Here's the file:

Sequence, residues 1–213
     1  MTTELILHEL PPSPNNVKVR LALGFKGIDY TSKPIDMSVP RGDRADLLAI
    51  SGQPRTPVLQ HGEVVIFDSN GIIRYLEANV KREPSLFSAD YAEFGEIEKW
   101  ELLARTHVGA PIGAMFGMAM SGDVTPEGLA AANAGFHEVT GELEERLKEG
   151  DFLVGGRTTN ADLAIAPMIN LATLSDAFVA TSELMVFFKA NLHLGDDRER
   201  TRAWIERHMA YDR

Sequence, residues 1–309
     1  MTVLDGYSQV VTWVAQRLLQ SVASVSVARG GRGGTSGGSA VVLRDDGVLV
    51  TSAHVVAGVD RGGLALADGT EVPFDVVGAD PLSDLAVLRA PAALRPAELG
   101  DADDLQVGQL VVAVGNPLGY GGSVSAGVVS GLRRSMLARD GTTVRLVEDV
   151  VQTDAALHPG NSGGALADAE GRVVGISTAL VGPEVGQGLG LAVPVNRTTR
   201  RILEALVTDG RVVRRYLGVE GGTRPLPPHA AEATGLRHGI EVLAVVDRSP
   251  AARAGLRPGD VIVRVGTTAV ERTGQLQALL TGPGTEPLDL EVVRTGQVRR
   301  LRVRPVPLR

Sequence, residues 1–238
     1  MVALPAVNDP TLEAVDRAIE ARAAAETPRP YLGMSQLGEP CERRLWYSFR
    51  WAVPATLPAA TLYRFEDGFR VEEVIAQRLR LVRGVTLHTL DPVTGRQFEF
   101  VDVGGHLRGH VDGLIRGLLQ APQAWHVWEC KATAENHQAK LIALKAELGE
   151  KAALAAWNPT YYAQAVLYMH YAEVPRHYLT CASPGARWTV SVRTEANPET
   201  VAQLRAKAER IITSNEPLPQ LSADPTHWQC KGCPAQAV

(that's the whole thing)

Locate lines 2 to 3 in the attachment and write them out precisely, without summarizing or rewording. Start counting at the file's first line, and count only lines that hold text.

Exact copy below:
     1  MTTELILHEL PPSPNNVKVR LALGFKGIDY TSKPIDMSVP RGDRADLLAI
    51  SGQPRTPVLQ HGEVVIFDSN GIIRYLEANV KREPSLFSAD YAEFGEIEKW